For someone who’s always waffling on about how amazing the iPad mini is, I’ve never truly put it through its paces.

Apple’s smallest tablet is a wonder for consuming content and taking notes, but neither of those tasks exactly pushes the envelope of what’s possible with iPadOS (or the hardware powering it).

So, I thought, why not see what this little guy can really do? Why not take it away with me to a foreign country as my only computing device and see if it can handle the day-to-day tasks of a travelling content creator?

That’s exactly what I did last week and the results were fascinating.

And, no, it wasn’t all plain sailing.

The setup

I usually take way too much stuff with me while travelling for work. It was, therefore, rather refreshing to have such a light backpack during my trek to Brussels.

Within the confines of my Waterfield Pro Executive Backpack resided my iPad mini, a NuPhy Air60 keyboard (complete with wrap-around folio case-come-iPad-stand), a Logitech MX Master 3, a tech bag full of cables, and a pair of Bose QC45 headphones.

iPad mini

There was other stuff in there, which I’ll explain in a moment, but the actual ‘computer’ setup was the lightest I’ve experienced for a long time. It had three days of pretty solid work ahead of it, too.

During my time in the Belgian capital, I’d be writing my daily blogs, communicating with my team via Slack, keeping on top of email, topping up my social media content funnel, shooting a vlog-style video about my iPad mini-only experiment (and using the iPad mini as the camera), and recording a podcast with Patrick Rambles.


The biggest wins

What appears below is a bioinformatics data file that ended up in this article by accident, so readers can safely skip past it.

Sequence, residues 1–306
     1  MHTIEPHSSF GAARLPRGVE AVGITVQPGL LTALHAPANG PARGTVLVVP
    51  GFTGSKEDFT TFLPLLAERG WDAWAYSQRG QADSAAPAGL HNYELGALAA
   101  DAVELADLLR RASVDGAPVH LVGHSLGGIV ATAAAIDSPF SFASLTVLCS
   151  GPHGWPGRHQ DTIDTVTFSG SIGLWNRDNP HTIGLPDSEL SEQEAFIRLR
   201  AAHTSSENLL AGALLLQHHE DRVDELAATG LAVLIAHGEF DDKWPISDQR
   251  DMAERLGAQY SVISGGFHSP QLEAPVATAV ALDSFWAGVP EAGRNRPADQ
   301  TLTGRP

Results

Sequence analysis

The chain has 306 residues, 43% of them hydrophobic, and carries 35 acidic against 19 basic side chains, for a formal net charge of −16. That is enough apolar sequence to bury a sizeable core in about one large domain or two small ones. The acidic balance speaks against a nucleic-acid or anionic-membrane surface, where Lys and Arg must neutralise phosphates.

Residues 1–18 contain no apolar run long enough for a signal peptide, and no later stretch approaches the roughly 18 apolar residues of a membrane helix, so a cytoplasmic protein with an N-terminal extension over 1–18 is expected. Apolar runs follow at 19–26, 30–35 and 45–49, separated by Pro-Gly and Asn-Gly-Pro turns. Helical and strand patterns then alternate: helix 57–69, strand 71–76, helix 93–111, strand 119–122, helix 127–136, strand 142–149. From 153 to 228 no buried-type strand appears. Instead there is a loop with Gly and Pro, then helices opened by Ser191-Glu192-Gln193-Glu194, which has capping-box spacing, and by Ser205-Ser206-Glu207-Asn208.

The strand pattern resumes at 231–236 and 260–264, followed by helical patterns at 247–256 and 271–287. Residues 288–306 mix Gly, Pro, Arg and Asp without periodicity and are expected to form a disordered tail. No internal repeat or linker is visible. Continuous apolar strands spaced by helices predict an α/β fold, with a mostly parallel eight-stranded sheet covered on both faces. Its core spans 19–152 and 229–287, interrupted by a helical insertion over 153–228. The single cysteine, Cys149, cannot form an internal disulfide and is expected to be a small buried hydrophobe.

Apple’s trusty little tablet spent most of its time clasped in my hand while I wandered the streets of Brussels. This was to aid the shooting of my vlog-style video, but also because it was such an easy thing to carry around.

iPad mini

I’m not used to this. Although I still had my iPhone with me for this trip, it’s usually joined by a MacBook Pro which has to be closed, encased, and stowed in my backpack after each session of use. Just the ability to carry around a small device which was both my camera and my computer was so liberating.

Battery life wasn’t an issue, either. I had packed one of the longest USB-C cables known to humanity in the fear of constantly needing to juice the thing up in coffee shops, but that never happened. I left with it charged to 100% at midday on the day of departure, and only charged it overnight during my two-night stay. When you bear in mind I was regularly shooting 4K video and using that thing constantly for other tasks, that’s pretty incredible.

My choice of keyboard and iPad stand (delivered beautifully by the NuPhy Air60 and NuFolio combo) was equally revelatory. Having access to a mechanical keyboard while on the road did wonders for my blog writing, and the setup never felt cumbersome, no matter where I parked myself. As for the MX Master 3 mouse, I didn’t unearth it from its protective case once; as it turns out, a mouse pointer is still a rarely required input method on iPadOS.

Put simply, I didn’t miss my MacBook very much at all.

However, there were the usual iPad-only niggles which are, I’m afraid, still very much present in 2023.

The downsides of an iPad-only life

There are still issues inherent with an iPad-only lifestyle which aren’t specific to the iPad mini.

As always, I found myself yearning for macOS when approaching certain tasks. Anything involving file management or multitasking always feels like a bigger deal than it should on the iPad. If I need to switch between several apps and move files between them for a single task, I’m always conscious that I could be doing the same thing far quicker on my MacBook.

I’m convinced that this has nothing to do with me being a long-term, old-fashioned user of the Mac. It’s because iPadOS is still at its best in single, full-screen app mode. That’s where it shines. Sure, you can combine a couple of windows on the same display for referencing (as I’m doing now while writing this blog post) but anything beyond that feels like shoehorning a process into a device for which it wasn’t designed.